In Woody Allen’s 1973 movie, “Sleeper,” a time traveler watches a tape of Howard Cosell while a 22nd-century historian tries to explain its meaning. “We weren’t sure at first what to make of this,” he says, “but we developed a theory: We feel that when people committed great crimes against the state, they were forced to watch this.”
Allen could assume that most of his audience recognized the irritating loudmouth who helped create “Wide World of Sports” and “Monday Night Football” on ABC. As the moviemaker understood, the broadcaster also transcended athletics to become a celebrity, an entertainer, an actor playing a character named Howard Cosell. But his fame was based not on love but loathing, on animosity more than admiration. He received so many threats that armed guards followed him at games. As Mark Ribowsky recalls, “Millions wanted to yell at their screens for him to shut the hell up.”
The life of a saint this ain’t. Cosell contained “the world’s most inflated ego,” Ribowsky writes, and “there was nothing really loveable, or even much endearing, about him.” Beneath his obnoxious exterior beat the heart of obsidian. By the time ABC dumped him in 1985, “he had alienated just about everyone he’d ever known.”
Sportswriter Red Smith delivered perhaps the most damning judgment: “I’ve tried very hard to like Howard — and I’ve failed.”
So why is he worth a book? Because his life tells us something about our culture and ourselves.
Born Howard Cohen in 1918, Cosell maintained that the anti-Semitic slurs he suffered as a boy “create[d] insecurities in you that live forever.” When he was a young man, he changed his name, but he could never escape his ethnic identity, and as his daughter put it, “his whole life, Daddy felt like a poor Jewish boy.”
But his Jewishness was also a source of strength. It gave him the push and the perspective of an outsider. He first attracted notice as a defender of black men who shared his angle of alienation: Jackie Robinson, who broke baseball’s color barrier; Tommie Smith , the sprinter who raised a black power salute after his Olympic victory; and, above all, boxer Muhammad Ali, who was reviled for refusing to serve in the military during Vietnam. Cosell and Ali appeared so many times together on television, refining their comic shtick, that “they were, by all measures, a team.”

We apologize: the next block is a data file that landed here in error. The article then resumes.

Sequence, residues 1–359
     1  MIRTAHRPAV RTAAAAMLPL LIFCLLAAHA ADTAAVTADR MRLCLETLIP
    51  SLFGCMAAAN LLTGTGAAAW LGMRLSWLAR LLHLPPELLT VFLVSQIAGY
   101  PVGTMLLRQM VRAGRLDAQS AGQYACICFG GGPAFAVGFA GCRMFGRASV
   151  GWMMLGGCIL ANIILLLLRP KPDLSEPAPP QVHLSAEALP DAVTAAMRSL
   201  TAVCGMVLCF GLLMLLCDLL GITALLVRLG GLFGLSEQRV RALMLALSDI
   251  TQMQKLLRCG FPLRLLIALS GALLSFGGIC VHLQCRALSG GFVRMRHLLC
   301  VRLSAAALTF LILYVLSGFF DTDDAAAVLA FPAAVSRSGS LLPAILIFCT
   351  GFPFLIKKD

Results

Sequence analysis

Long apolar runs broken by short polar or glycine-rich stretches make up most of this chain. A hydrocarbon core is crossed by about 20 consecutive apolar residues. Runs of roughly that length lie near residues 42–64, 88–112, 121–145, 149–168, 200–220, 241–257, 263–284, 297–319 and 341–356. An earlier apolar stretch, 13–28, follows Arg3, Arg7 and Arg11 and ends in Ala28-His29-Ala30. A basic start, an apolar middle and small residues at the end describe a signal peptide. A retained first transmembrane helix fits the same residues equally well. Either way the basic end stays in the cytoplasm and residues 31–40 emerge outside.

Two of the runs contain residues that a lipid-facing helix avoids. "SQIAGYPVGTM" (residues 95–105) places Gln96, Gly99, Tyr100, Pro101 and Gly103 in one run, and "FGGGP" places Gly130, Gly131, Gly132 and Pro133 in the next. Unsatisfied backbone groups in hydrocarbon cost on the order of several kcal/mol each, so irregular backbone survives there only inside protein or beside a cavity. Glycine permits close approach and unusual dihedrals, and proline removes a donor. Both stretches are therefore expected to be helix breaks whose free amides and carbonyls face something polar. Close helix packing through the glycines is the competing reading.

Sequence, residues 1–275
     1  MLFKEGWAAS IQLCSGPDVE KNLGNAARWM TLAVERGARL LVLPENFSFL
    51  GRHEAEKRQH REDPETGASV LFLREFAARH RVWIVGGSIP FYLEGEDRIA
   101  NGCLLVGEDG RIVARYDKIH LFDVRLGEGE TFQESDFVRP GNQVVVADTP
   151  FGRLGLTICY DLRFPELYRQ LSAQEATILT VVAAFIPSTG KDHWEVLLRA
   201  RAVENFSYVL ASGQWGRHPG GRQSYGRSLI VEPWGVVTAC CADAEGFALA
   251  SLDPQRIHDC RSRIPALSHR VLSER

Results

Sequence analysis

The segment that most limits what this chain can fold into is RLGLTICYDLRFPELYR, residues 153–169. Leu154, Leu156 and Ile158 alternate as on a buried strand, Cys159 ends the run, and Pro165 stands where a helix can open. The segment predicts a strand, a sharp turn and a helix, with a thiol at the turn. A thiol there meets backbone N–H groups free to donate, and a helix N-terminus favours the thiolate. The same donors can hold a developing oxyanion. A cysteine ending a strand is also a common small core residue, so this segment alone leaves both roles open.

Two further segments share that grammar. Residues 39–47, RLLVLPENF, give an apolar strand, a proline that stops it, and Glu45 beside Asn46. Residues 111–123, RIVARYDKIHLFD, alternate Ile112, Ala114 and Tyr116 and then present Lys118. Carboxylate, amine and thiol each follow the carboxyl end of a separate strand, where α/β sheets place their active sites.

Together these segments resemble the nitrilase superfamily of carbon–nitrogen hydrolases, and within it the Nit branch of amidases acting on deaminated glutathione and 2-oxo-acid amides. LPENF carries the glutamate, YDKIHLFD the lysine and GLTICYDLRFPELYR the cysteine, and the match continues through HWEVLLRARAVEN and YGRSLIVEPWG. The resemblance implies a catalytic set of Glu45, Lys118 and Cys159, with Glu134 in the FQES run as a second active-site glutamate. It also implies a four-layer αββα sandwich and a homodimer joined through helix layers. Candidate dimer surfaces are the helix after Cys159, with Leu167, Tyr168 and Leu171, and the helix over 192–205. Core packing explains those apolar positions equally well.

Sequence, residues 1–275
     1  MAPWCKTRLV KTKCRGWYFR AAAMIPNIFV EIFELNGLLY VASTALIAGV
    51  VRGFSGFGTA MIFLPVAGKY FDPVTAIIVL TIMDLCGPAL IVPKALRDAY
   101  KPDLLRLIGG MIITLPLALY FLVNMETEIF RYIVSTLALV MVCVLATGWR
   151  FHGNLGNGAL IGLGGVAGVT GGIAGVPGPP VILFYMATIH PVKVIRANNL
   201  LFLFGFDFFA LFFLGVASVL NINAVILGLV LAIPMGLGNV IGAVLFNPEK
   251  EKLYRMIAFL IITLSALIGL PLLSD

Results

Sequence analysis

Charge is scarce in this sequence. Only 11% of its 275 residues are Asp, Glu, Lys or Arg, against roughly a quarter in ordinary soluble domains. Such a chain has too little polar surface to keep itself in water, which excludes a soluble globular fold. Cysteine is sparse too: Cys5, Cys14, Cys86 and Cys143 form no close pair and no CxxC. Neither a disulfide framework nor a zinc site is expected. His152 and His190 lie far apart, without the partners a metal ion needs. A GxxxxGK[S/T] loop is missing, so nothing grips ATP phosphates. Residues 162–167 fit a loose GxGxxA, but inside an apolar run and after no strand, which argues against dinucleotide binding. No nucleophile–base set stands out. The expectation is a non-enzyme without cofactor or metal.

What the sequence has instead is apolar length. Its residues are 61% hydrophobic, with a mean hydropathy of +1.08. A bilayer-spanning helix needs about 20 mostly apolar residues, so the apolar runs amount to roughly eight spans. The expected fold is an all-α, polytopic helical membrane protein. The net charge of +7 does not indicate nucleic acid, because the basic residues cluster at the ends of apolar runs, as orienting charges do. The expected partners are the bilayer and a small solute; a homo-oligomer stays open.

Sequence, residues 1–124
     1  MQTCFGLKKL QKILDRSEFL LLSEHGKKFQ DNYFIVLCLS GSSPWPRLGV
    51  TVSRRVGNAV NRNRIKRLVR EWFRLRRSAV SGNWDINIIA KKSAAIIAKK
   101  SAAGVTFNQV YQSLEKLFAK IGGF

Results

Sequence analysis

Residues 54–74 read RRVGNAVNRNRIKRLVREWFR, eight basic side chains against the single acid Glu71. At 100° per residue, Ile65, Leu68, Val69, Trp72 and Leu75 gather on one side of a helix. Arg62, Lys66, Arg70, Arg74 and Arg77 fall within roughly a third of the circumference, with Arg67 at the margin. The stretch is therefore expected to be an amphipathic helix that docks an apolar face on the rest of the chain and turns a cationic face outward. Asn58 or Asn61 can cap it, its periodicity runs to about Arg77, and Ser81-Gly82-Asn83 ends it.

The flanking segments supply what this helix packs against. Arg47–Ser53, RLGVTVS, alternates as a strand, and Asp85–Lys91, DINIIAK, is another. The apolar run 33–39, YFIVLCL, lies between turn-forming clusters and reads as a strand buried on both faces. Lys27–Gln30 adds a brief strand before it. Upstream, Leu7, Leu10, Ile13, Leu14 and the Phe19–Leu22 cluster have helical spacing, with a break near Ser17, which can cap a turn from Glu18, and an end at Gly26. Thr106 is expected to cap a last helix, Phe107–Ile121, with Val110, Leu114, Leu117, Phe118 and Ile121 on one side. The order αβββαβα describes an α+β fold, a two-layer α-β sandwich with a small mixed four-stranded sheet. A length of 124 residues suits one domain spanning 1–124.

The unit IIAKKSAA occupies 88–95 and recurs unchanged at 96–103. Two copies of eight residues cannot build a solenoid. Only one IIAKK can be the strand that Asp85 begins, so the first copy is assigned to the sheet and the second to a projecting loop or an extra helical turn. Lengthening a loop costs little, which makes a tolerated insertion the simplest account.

Cosell was clearly in the tradition of the great Yiddish humorists, the masters of the put-on and the put-down, lobbing matzoh balls at the established order. From Jack E. Leonard (Leonard Lebitsky) and Alan King (Irwin Kniberg) to Jack Benny (Benjamin Kubelsky) and Rodney Dangerfield (Jacob Cohen), Jewish entertainers have wheedled and needled their way into the core of American culture. Dangerfield’s famous lament, “I don’t get no respect,” could have been chiseled on Cosell’s tombstone.
But he should get respect. The character he created was so outsize, so colorful, so controversial that he embodied the essence of television, where personality and conflict rule.
“He was the medium, personified,” wrote TV critic Ron Powers, and the person who really understood that was Roone Arledge, the brilliant impresario who created “Monday Night Football” and put Cosell in the broadcast booth. When the “hate-filled” invectives poured in, Arledge was thrilled. Ribowsky writes: “Asked by sportswriters if he was worried about the controversy . . . [Arledge] quoted himself, ‘Worried? That’s exactly what I’m looking for.’ ” Added Chet Forte, the longtime director of “Monday Night Football”: “It’s not a damn football game. It’s a show.”
And when Cosell later tried to play a different character, a genial variety-show host, he failed badly. The TV critic of the New York Times derided “the Horrible Howard monster [that] is now being marketed as the Cozy Cosell doll.”
Ribowsky spends too much space on boxing, a dying sport (Quick: Name one current champion) and on Cosell’s stupefying self-regard (We get it already — the guy was no mensch). But at his best, the author captures the arc of a gritty, even glorious, American life.
Yes, we all yelled “Shut the hell up” at Howard Cosell. But we seldom shut him off.
Roberts, who teaches journalism and politics at George Washington University, is the author of “From Every End of This Earth: 13 Families and the New Lives They Made in America.”
The Man, The Myth, and the Transformation of American Sports
By Mark Ribowsky
477 pp. $29.95